Pesco (David Pescovitz) was an old friend of Mark’s from Wired and Boing Boing the print magazine and he got on board and that’s how we ended up where we are now.

I don’t really know that much about the print days, other than that the economics of it stank. They say publishing is a great way to make a little money—if you start with a lot of money.

Dispatches: But Boing Boing is doing all right financially now, right?

Well, yeah, we are. Our overhead is pretty close to zero. Because we’ve become very popular, we pay a fair sum for bandwidth. But the sum per user is very low because the economies of scale are good.

We have a sysadmin who works for us at a pretty good rate. We like to see to it that he’s compensated. And I think we’re probably going to take out a liability insurance. When you’re a really small company you don’t need liability insurance because nobody is going to sue you. You don’t have anything to be sued for. If you’re a really big company, you can totally afford liability insurance and you don’t have to worry about it. We’re in the middle. I think we’re about to spend a lot of money on liability insurance, relative to our income.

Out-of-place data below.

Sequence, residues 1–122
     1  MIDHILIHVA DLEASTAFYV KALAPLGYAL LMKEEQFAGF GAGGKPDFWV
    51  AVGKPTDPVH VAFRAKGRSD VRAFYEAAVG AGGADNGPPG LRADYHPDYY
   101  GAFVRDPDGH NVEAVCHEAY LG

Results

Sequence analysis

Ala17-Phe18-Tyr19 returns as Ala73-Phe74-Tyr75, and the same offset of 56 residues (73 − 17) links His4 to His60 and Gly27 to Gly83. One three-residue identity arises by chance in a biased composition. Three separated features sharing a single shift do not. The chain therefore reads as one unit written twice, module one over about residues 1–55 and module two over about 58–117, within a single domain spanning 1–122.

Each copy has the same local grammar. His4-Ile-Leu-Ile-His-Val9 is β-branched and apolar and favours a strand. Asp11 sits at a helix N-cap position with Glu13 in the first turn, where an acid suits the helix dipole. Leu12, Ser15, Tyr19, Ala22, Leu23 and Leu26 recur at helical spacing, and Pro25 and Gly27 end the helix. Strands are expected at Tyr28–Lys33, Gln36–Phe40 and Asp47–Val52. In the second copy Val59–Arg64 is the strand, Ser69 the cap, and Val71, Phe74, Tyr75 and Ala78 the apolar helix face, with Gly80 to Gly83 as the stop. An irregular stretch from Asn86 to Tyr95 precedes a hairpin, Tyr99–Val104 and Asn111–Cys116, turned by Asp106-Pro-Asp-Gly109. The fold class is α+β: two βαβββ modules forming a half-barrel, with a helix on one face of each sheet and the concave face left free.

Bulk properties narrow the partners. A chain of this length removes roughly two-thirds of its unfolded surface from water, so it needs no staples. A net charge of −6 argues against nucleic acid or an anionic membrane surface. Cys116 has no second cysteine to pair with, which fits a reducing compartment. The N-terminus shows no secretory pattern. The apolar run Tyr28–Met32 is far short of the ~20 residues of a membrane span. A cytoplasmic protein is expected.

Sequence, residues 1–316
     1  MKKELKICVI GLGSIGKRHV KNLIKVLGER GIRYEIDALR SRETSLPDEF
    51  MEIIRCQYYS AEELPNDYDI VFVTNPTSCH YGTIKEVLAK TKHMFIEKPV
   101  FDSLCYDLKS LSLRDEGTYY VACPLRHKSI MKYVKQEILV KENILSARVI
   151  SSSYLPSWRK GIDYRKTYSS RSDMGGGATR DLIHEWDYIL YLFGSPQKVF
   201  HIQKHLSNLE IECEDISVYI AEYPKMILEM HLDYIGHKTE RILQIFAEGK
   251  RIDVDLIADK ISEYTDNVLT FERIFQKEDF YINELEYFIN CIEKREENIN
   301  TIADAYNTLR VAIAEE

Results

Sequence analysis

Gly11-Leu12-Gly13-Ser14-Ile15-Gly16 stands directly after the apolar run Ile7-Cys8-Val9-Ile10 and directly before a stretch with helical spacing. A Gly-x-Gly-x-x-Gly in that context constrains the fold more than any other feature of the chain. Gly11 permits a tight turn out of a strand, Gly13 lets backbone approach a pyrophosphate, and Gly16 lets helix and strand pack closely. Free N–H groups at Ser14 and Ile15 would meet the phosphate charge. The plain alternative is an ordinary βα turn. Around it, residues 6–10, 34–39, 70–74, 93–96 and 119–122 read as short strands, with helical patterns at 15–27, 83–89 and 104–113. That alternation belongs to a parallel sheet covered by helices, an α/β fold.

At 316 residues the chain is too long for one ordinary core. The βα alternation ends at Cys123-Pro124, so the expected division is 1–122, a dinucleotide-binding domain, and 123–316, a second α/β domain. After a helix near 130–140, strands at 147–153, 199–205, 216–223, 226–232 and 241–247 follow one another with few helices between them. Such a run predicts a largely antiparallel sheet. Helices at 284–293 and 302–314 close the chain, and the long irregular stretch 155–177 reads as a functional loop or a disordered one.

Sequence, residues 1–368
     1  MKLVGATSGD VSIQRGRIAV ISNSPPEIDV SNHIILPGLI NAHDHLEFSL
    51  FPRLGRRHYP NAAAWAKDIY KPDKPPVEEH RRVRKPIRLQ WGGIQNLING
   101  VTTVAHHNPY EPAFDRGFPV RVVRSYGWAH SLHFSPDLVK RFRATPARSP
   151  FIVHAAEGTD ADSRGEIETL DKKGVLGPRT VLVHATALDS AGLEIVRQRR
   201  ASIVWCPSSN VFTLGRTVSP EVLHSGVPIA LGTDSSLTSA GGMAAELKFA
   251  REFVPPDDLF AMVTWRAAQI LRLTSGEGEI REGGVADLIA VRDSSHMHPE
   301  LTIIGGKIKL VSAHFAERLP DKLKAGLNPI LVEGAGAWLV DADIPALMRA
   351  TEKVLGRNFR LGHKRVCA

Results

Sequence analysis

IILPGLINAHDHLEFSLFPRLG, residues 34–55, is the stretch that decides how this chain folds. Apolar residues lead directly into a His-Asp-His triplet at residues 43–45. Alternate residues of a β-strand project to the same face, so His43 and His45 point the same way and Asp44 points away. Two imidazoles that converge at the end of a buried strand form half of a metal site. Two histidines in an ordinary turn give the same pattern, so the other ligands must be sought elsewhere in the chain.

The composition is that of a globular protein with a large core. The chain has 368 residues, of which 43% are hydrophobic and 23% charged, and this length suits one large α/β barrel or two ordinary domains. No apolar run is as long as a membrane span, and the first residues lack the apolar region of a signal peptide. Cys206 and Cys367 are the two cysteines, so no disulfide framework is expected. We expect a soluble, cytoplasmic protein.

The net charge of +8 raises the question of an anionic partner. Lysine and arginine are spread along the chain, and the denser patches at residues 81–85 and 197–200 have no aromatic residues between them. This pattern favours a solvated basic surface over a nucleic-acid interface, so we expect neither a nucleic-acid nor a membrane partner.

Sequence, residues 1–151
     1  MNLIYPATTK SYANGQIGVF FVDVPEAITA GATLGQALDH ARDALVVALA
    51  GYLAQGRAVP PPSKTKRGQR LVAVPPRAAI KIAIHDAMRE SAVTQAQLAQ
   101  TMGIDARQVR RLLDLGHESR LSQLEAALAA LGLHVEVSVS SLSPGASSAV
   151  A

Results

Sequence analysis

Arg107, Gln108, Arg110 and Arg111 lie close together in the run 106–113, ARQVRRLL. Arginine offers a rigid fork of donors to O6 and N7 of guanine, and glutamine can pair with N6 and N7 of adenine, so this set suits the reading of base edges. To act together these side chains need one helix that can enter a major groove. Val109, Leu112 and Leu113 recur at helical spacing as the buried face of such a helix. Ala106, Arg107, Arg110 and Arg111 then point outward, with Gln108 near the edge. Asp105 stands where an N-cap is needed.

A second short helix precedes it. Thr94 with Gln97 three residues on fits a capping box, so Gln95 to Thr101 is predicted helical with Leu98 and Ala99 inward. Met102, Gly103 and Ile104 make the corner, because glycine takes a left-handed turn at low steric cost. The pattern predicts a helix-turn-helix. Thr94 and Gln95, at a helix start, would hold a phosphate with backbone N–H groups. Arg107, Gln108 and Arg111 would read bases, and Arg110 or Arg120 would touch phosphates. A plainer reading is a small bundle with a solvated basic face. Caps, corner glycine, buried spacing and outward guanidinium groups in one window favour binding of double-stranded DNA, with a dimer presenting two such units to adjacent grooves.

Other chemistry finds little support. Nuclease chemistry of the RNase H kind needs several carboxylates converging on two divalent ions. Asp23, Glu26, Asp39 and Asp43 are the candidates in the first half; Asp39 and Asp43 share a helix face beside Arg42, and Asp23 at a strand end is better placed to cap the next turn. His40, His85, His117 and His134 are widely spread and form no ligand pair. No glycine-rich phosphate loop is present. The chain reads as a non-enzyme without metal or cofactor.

Dispatches: What do you see as the biggest potential liability?

Probably copyright. Libel, secondarily. Trademark, maybe. But I think copyright because most of what we do is fair use and fair use is not an affirmative right, as lawyers like to say.

Fair use is a defense against a charge of infringement. If someone says you’re infringing, you can say, “Why, yes, I was, but here’s why it’s not illegal. I was making a use that is protected under the Fair Use sections of 17 USC.”

The factors spelled out under 17 USC are intended to be interpreted by judges using their own common sense. And so sometimes judges throw out the four factors and make judgments that are unrelated to them. Like the VCR. There was a big question. Is a VCR a fair use or not a fair use. Is home taping fair or unfair? On the four factors analysis: (1) What’s the character of the work that you’re taking? What are most off-limits are the things that are the most intensely creative—like movies. So it fails on that one. (2) How much of the work are you taking? Well, when you home tape, you take home 100% of the work. (3) Are you transforming it making a socially beneficial use like parody or educational? No, you’re just taping it. (4) Are you harming the rights-holders’ commercial interests? Well, yes, because they had a deal with Discovision that was the alternative to taping movies off TV. Consumers go and buy the programs. So it failed on all four factors, but the judge just sort of applied common sense. Progress happened. We got the VCR.